New legal action from Airbnb after deadly Sunnyvale party shooting

New legal action from Airbnb after deadly Sunnyvale party shooting
Photo Credit: Canva
By Wesley Severson - Published on August 18, 2021.

San Francisco-based Airbnb is now suing the guest who apparently threw a massive and deadly party at a home they booked in Sunnyvale on August 7th. Shots ended up ringing out around 10 p.m. leaving 18-year-old Elias Elhania dead and another guest badly injured. No arrests have been made and no suspects have been identified. Officials have not released the name of the person who rented the house on Navarro Drive.

Airbnb claims the unauthorized house party had up to 200 young attendees who were drinking and using drugs which violates the company’s community standards and terms of service. Airbnb also claims the home was booked under false pretenses. Mayor Larry Klein told the Mercury News, the Sunnyvale Department of Public Safety is investigating the home’s owner and the person who rented it. “The host is also responsible. They violated our local short-term rental rules and must face consequences for their negligence,” Klein said.

The Sunnyvale party, which was promoted on social media with the name “Turn Up Pt. 2,” is just one of many nationwide where shootings have broken out. Five people were killed at a Halloween party at an Airbnb rental home in Orinda two years ago. Strict new rules against parties were implemented after that incident but the Sunnyvale shooting proves that huge challenges still remain within Airbnb and city governments to try and stop these huge parties from happening so easily.

Airbnb began filing suit against guests who break the no-parties rule last summer, after another shooting incident at an unauthorized rental house party in Sacramento County.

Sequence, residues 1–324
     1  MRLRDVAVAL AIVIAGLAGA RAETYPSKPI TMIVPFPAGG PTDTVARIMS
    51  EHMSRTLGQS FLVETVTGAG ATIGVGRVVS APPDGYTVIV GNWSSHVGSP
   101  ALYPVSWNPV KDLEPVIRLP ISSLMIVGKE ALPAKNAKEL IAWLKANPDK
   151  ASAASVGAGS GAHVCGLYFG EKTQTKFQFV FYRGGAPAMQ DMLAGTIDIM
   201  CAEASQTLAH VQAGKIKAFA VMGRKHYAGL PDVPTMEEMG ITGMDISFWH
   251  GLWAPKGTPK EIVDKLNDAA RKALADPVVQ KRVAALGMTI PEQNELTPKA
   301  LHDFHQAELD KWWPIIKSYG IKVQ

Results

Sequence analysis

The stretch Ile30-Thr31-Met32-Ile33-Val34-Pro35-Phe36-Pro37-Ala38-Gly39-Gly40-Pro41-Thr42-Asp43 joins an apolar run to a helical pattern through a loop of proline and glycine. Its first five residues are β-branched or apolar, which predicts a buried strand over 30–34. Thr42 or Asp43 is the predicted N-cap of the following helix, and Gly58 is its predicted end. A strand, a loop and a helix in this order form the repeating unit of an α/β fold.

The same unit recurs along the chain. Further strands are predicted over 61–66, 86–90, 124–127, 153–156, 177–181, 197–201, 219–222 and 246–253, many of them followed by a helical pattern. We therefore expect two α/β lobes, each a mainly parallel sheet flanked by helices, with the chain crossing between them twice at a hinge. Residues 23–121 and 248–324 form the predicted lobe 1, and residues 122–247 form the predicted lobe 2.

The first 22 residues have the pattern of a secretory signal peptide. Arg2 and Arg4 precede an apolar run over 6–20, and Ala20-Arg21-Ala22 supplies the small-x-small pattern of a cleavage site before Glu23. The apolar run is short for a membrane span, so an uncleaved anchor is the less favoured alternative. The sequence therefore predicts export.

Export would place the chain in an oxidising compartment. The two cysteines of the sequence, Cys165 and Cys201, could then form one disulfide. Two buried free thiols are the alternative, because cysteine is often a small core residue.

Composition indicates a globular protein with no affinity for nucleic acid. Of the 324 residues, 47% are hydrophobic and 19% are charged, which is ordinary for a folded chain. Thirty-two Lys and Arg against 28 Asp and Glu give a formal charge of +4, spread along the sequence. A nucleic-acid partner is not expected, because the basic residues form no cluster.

“Where is the responsibility here? Yes, Airbnb has a responsibility. Yes, the city and homeowners have the responsibility. Who enforces them and where do those boundaries lie?” says San Francisco State University hospitality and tourism management professor Brian Aday speaking to the Mercury News. The city of Sunnyvale limits the number of people in each Airbnb rental to four. Hosts are also required to be present at the rentals but the rules are rarely fully enforced.

The Sunnyvale Director of Public Safety Phan Ngo told Mercury news that the home where the party happened was never registered with the city planning department which is also a requirement. “What recently happened in the city of Sunnyvale highlights the issues most cities are facing. You have somebody operating their home as a short-term rental, they have it on a platform, but they’re not registered with the city, and unfortunately, the homicide occurs and we’re made aware of the situation,” Ngo said.

Along with the new legal action, Airbnb also announced this week that it will tighten down restrictions on its rental properties for the upcoming Halloween holiday.